Friday, March 31, 2017

Mixed Jerez

From Tetouan, we started our amazing race to Jerez, Spain. Several things worked against us.

1. We couldn't get started earlier because the guesthouse breakfast doesn't start until 8.The breakfast lady didn't show up for work until 8:15. It was worth waiting for since it was the best breakfast we had in all of Morocco.
2. We lose an hour to the time difference between Morocco and Spain.
3. If we don't catch the 14:30 bus in Algeciras, we would have to wait until 19:00. Pressure.

Right after breakfast, our journey began
1. We scooted downhill from the medina to the grand taxi stand.
2. There were four young men waiting already. The two of us squeezed in the front with the driver. It's the old style grand taxi. We immediately took off for Ceuta (the Spanish enclave in North Africa).
3. There were about million vehicles waiting in line to exit Morocco. But our "chauffeur" calmly drove towards the border in the wrong; that is, opposing lane, dropping us off 100 feet from the formalities booth. As pedestrians we didn't have to wait behind anyone except for putting up with the usual deliberate slow downs by border officials. Were they hoping for a bribe?! Not to mention the touts who swarm about, wanting to help you fill in your exit paperwork for a tip.
4. After getting our Morocco exit stamps, we walked - again in the lanes for oncoming traffic - to Ceuta, Spain. I was very happy and relieved to return to Spain.
5. On the Spain side, there were only about half million single file vehicles waiting to cross into Morocco, which means the taxi (or city bus) we need to take us to the ferry dock cannot get to us. We had to walk to the end of the line of vehicles where the taxis can turn around.
6. When the taxi finally got us to the ferry, we missed the 12:00 ferry by a few minutes.
7. The 13:00 ferry left exactly on time and arrived in Algeciras a few minutes after 14:00.
8. Disembarking, we pushed past everyone as discreetly as we could and sprinted for the bus station.
9. This time we made our connection by a few minutes thanks to GPS + offline maps. Once on the bus, we borrowed a phone to let our landlord know that we are coming on the 14:30 bus.
10. When we walked up to the apartment at 16:20, our landlord was waiting for us and showed us to the cutest studio apartment, our home for the next five nights.
11. After our landlord left, we stepped out onto our terrace. In the square below, a group of old flamenco hands were engaged in their art, while the fragrance of orange blossoms wafting up in the breeze....

Jerez, is not a single trick town. It is the center for
1. Flamenco
2. Carthusian horses
3. Sherry

As a result, Jerez is considered a rather prosperous town. At a population of ~200,000 , they have an IKEA!!! We based ourselves in Jerez because of its central location for the day trips we had planned. Unfortunately their tourist office is woefully inept at public transport and the bus station displays schedules for non-existent buses. It was most frustrating as they actually have a wonderful system of public transport. We were not lucky with the weather either....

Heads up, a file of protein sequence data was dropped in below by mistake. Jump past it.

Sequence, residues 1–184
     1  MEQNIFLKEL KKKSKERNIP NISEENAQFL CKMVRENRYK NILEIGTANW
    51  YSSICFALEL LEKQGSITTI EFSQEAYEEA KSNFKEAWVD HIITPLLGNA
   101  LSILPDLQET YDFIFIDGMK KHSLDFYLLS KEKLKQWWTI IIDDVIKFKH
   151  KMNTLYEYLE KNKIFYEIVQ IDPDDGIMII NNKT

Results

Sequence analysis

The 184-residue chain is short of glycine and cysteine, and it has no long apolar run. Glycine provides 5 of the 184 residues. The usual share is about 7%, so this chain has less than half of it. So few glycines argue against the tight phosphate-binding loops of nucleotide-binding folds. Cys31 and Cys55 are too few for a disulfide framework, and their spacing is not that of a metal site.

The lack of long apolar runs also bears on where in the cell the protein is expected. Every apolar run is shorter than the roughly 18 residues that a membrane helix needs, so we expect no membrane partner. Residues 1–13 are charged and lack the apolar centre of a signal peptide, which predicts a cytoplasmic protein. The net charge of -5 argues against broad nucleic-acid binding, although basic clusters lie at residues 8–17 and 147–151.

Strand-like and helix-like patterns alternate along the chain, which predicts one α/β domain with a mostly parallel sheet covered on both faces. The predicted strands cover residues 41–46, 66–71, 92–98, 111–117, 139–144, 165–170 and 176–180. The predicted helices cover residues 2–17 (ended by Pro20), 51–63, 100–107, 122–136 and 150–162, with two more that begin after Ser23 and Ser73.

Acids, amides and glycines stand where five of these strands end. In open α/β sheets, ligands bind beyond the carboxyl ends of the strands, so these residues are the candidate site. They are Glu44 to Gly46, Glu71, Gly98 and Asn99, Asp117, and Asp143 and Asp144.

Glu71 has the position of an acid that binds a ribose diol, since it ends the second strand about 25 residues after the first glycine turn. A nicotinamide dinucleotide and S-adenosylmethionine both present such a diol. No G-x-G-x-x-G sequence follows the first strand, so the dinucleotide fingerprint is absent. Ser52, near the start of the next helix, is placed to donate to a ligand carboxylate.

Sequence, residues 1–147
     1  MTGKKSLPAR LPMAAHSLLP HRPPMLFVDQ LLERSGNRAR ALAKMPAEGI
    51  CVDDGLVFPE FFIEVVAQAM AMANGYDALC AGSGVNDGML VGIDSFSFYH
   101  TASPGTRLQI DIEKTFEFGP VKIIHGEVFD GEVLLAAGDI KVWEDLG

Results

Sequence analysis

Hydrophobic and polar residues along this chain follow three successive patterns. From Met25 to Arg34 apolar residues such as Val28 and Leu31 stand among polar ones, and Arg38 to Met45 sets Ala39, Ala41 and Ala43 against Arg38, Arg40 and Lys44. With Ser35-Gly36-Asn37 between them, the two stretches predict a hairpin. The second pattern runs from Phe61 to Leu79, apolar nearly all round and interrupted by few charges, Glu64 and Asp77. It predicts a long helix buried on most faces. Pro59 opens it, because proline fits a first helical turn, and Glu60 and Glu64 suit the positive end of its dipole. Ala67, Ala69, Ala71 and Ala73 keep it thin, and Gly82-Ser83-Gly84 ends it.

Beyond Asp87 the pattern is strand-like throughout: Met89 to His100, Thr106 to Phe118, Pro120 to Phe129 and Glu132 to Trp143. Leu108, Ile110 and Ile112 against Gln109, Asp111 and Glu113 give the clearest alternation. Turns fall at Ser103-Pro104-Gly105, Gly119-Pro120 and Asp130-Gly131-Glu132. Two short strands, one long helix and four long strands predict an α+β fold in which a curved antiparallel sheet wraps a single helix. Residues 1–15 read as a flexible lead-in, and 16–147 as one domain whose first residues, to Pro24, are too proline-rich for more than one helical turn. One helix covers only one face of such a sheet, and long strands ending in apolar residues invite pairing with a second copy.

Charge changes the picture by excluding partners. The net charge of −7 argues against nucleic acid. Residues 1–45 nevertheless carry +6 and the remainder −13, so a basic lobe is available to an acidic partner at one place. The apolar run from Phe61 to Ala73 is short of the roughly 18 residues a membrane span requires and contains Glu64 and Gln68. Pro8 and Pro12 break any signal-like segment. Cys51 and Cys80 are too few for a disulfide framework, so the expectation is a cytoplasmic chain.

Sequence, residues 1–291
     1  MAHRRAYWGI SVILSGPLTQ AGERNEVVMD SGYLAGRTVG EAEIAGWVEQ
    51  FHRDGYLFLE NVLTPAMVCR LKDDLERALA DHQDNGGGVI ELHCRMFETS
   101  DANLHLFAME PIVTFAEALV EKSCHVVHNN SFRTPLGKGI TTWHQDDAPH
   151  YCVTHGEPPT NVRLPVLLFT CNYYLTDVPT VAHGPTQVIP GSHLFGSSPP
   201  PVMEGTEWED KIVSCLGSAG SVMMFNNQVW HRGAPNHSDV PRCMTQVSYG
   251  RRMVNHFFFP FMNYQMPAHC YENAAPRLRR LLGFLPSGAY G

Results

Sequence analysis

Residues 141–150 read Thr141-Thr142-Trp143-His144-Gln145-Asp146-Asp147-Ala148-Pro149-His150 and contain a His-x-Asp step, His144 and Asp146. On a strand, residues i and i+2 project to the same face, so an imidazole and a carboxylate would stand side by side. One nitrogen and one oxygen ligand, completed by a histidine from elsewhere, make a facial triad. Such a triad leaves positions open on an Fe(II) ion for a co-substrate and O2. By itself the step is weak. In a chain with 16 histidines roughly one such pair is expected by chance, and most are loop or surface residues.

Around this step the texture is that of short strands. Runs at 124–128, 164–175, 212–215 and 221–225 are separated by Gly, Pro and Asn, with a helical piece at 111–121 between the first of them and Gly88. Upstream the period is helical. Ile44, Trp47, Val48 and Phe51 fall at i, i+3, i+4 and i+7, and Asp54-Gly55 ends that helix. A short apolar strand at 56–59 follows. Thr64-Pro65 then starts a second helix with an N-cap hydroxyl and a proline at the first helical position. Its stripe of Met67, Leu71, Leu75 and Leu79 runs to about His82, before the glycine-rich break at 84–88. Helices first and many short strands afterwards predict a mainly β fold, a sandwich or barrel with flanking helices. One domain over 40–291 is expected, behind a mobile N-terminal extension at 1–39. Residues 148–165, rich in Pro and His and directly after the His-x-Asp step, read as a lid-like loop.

In spite of everything, we loved Jerez. We are already talking about coming back for Semana Santa, the additional day trips we can make, squirreling away our landlord's email address, and keeping our Transportes de la Bahía de Cádiz tarjeta handy.

Fine views of Gibraltar on the ferry from Ceuta to Algeciras.
On the Ferry from Ceuta to Algeciras, Spain

Jerez goes all out for Easter Holy Week. The day we arrived, the viewing stands were going up.
Jerez de la Frontera, Spain

The Jerez Cathedral.
Jerez de la Frontera, Spain

As we had an apartment with a kitchen, we bought almost more fruits and vegetables than we could carry from the very busy Central Market.
Jerez de la Frontera, Spain

Jerez de la Frontera, Spain

No fish bought of course; although 90% of the market is selling fish.

Jerez de la Frontera, Spain

Walking out to the Cartuja Monastery, we spotted some Carthusian horses (we think).
Walking to Cartuja Monastery - Jerez de la Frontera, Spain

Walking to Cartuja Monastery - Jerez de la Frontera, Spain

Jerez de la Frontera, Spain

Around Jerez it's always wheat fields in the foreground and windmills on the horizon.
Jerez de la Frontera, Spain

Walking to Cartuja Monastery - Jerez de la Frontera, Spain

Jerez is famous for its sherry wine ("sherry" is an English corruption of "jerez"); thus we bought a bottle of Tio Pepe sherry from the local Carrefour and had a drink before dinner with olives, cheese, and roasted peppers.
Tio Pepe, Olives and Cheese - Jerez de la Frontera, Spain

Checkout line at our local Carrefour.
Carrefour Checkout - Jerez de la Frontera, Spain

Using the Jerez Bus Station was frustrating as the Arrivals+Departures board was perpetually off and its clock eternally 2:17
P2110946

However, the adjacent Train Station was forever beautiful. ;-)
Jerez de la Frontera, Spain

Our apartment had a terrace which we only used twice - the weather was terrible.
Jerez de la Frontera, Spain

Old Town Jerez was pretty cool and we enjoyed strolling around in the evenings when it did not rain.
Jerez de la Frontera, Spain

Jerez de la Frontera, Spain

Jerez de la Frontera, Spain

Jerez de la Frontera, Spain

On Monday evening, many of the churches were open and "showing" their Holy Week readiness.
Jerez de la Frontera, Spain